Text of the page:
Kylie condemns TV talent shows making popstars - of course, that's the soap operas' job, isn't it, Kylie?
Good news for those of you who're interested in The Thrills and especially Santa Cruz - the official site has gone live, and its got streaming music coming out of its ears. Yippee.
More from No Rock on the thrills
Some good news, apparently Gordon Lightfoot who had been at death's door has chosen to turn round and come home. He's showing signs of improvement and been taken out of intensive care.
Having woken up to a queasy sense of deja-vu this morning, as Bob Geldof fretted over a forthcoming famine in Ethiopia, it's probably timely to mention www.thehungersite.com. I think a lot of their old regulars got out of the habit of doing a daily click when the site nearly blew away in the dotcom boom, and while it's spitting at the sea, every little bit helps.
More from No Rock on charity
If Billy Ocean deserves an honorary doctorate for writing Get Out Of My Dreams, Get Into My Car and the theme to that Michael Douglas movie from back when Michael Douglas was a fairly charming man and not so obsessed with a sense of his own greatness only someone as apparently blind to every nuance of their own surroundings as Catherine Zeta Jones could manage to spend any time in his presence, then what on that scale would, say, Costello or Clinton or, dammit, Haines deserve?
Wisdom Goof brings you last week's chart expressed in terms of Googlism.
Undoubtably, the hardest time in anyone's life is when you have to kill a loved one because they're the devil. A close second, of course, is when you have to sack your own mother because she's screwing you, as Charlotte Church will testify. You'd hate to imagine that scene, wouldn't you? "Mum, you must think I'm some kind of pussy. You've been screwing me. You're fired. Um... can I borrow the car at the weekend?"
Wise, holding off the announcement of their engagement until now. This way, the eight weeks we're giving them will see them into the new year.
and there's a station, we'll call it LBC. And they were together, but then... Why is it we only ever hear of Simon Bates when he's being sacked?.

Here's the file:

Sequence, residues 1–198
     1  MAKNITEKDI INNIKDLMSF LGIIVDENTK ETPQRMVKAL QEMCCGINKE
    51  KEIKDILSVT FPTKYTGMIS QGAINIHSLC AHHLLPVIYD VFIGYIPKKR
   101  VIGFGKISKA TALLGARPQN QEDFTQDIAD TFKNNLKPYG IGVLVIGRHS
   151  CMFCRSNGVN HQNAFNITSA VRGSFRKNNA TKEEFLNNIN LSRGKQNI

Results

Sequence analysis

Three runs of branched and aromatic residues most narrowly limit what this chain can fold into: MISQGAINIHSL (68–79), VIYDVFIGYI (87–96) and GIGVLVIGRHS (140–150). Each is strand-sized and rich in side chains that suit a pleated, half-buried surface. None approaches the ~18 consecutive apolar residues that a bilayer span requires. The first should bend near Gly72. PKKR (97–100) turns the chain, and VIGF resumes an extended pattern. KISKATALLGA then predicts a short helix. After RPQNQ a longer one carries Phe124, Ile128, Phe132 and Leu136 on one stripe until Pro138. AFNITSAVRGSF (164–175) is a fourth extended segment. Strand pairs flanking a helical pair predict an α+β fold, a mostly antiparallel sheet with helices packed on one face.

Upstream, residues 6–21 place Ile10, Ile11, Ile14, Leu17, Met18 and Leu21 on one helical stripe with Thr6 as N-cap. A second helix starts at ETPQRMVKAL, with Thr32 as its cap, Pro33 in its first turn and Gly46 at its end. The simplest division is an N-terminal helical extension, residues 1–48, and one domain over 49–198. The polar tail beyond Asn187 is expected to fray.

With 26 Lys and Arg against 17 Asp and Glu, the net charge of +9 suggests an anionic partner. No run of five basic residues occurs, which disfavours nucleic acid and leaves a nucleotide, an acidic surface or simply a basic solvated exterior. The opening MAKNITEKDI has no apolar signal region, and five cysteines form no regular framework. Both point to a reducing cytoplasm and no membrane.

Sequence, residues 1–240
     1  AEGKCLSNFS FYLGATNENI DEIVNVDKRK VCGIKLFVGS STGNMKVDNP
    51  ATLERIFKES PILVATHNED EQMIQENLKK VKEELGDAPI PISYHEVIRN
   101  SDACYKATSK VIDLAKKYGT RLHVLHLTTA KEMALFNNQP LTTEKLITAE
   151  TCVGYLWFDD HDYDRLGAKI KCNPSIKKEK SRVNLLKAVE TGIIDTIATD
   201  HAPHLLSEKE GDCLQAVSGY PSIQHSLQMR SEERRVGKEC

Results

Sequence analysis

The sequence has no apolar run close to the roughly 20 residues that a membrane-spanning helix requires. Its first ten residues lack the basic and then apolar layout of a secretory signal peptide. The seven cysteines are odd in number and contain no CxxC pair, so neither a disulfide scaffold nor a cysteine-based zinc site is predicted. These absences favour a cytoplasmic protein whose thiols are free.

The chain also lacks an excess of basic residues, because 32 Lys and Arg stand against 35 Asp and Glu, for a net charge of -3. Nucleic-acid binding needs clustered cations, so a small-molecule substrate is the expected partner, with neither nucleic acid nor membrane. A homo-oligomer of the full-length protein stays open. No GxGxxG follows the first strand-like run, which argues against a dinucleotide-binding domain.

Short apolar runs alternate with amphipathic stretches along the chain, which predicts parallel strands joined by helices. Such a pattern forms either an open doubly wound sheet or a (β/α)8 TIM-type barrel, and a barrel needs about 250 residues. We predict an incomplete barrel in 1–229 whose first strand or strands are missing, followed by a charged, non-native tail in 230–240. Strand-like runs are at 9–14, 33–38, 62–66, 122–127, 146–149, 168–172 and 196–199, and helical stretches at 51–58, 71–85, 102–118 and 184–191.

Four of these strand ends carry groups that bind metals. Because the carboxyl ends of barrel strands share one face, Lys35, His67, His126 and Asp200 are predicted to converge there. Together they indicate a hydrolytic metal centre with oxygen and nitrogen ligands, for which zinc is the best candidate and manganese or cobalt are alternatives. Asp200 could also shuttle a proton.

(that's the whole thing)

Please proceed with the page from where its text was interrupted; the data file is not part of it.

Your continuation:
The first rule of business is to have an idea that's blindingly obvious. The second rule is to consider why, if the idea is such a good one, why has nobody ever done it before, then? When Lou Reed came up with the plan to bring together Edgar Allen Poe, Bowie, Laurie Anderson and some of his own Poe-like poetry, he clearly didn't get as far as stage two, did he?
Apparently, Robbie's Christmas single is now coming out a week early "to satisfy public demand." Oh, yeah? Nothing to do with trying to avoid an embarrassing drubbing for the Man Who Holds The Hopes of EMI at the hands of Gareth Gates and Blue, whose singles shared the original date of release, then.
If public demand for Robbie singles is really insisting they come out earlier, why not today?
But, sometimes, the truth just has to be told. We believe that streaming albums before release over the web is a handy way of allowing people to sample the wares when deciding to buy, and can often turn a waverer into a purchaser. However, when Vinnie Jones does it with his new album, Respect, it's sole purpose is presumably to kill of any of the last interest that may reside in the project.
His voice is so weedy and rubbish, we can't start to work out how anyone actually decided that getting him to sing at all would be a good idea; much less why they decided to ask him to have a crack at such tricksy classics as Dock of the Bay and - oh, sweetgwen - Minnie The Moocher. By about halfway into the collection, Vinnie seems to twig that he's not going to hit any notes anyway, and so just makes do with rasping the words out as blandly as he can in the hope that it'll all be over soon.
At least with Christmas confections like the Eastenders cast singalong albums, the effect of many voices bellowing tunelessly suggests a party atmosphere someone's tried to recreate on record. With Jones effort, it's like listening to a neighbour singing while ironing his trousers prior to the golf club Christmas party, unaware he's serranding the entire block.
Hi Ho Silver Lining seems to last for the best part of fifteen minutes. And how did Jools Holland end up on the thing? And how, how, how, did it get released? The Queen's not wrong when she says there's forces we don't know about at work...